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     At the request of the writer the Rev. G. W. Mitchell, for ten years pastor at Franklin, Chairman of "The Academy Endowment Fund," prepared the following statement of the academies which enter into our educational system. As Mr. Mitchell is thoroughly acquainted with the work and needs of the academies, no one is better qualified than is he to give this brief resumé of the Congregational academies in Nebraska:

     "Doane College is the center of a Congregational educational system in Nebraska that has, in addition to Crete Academy, its own preparatory department, four outside academies, which stand to it in the relation of feeders, though there is no organic connection.
     "These academies are at Chadron, in the far northwest corner of the state, at Franklin, in the southwest, at Neligh (Gates Academy), in the northeast, and Weeping Water in the southeast. The total student enrolment (sic) in this system, in the year 1903-4, was 768, of whom 555 were in the four 'corner' academies.
     "Franklin and Gates academies were established in 1881, soon after the homesteaders settled the new country. At Franklin, in 1880, four or five men, members of the little home missionary Congregational church, used to gather frequently at the home of one or another of them, and talk and plan and pray for their children and the welfare of the new country. They agreed at last that a Christian academy would be the best contribution they could make to the new region in which they had located.


     "This mutatis mutandis might be stated as the origin and motive of each of the other three academies. Franklin Academy, has three good buildings set in a campus of ten acres with an athletic field of five acres adjoining. The first principal was Rev. W. S. Hampton, who for five years did a splendid work in organizing and laying foundations. Prof. Alexis C. Hart, principal since 1888, the Nestor among academy people in Nebraska, has made Franklin Academy the foremost Christian academy in the West.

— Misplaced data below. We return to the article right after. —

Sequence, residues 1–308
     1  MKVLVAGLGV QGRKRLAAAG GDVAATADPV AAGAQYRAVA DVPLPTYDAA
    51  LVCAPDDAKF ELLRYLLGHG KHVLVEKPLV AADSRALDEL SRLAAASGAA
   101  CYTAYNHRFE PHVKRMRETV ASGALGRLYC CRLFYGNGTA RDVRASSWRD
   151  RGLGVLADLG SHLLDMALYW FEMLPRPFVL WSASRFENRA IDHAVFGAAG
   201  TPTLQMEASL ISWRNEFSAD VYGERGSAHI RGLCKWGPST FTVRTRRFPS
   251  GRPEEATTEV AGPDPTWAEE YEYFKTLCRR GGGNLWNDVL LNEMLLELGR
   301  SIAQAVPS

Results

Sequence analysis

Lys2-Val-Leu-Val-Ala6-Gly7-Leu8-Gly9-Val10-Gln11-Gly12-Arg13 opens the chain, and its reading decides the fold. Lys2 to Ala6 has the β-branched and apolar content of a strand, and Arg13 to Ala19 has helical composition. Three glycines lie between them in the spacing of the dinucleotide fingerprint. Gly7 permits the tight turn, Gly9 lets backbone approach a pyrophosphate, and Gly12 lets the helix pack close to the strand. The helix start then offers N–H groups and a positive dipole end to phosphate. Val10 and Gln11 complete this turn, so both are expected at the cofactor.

"Gates Academy, the predecessor and successor of Gates College, at Neligh, was opened in September, 1882. In 1886 college work was begun; in 1899 the college charter was given up, and the institution continued as an academy. It has two substantial brick buildings, a library of 5,000 volumes, well equipped laboratories, and in 1903-4 enrolled 171 students.
     "Weeping Water Academy was started in 1885 in the hearts of a few Christian people who wanted their own boys and girls to prepare for college. The students have come from many counties in southeast Nebraska, and an unusually large per cent of them have gone on to college. Its home has been the old church meeting-house. The first new permanent building, Hindley Cottage, a dormitory for young women, is now completed at a cost of $9,000.
     "Chadron Academy was established in 1888. In 1890 a fine brick building was erected which, two years later, was totally destroyed by fire. School continued without a day's delay, and a new brick building was soon erected. Chadron Academy has a contributory territory of not less than 35,000 square miles, a region of vast cattle ranges, isolated ranch homes, and scattered farms. It is just the place for a Christian academy, and has well fulfilled the ideal and purpose of its founders.


     "Not less than 5,000 different students have attended these four academies, about 500 of whom have completed the full three-years courses, and 400 of them prepared for college.
     "January 1, 1902, a committee of five was organized to help the academies secure funds to pay off all debts, provide for current expenses, and raise a permanent endowment fund of $100,000. June 30, 1904, the committee reported:

Cash received
$58,300 00
Pledges still unpaid
5,170 00
Making a total of
$63,470 00

     "The cash received, $58,300, was enough to pay all expenses of the four academies for the two and one-half years, covered by the canvass, and leave a surplus of about $13,000 for debts, endowments, and new buildings, besides the $4,000 of pledges still unpaid."

© 2002 for the NEGenWeb Project by Pam Rietsch, Ted & Carole Miller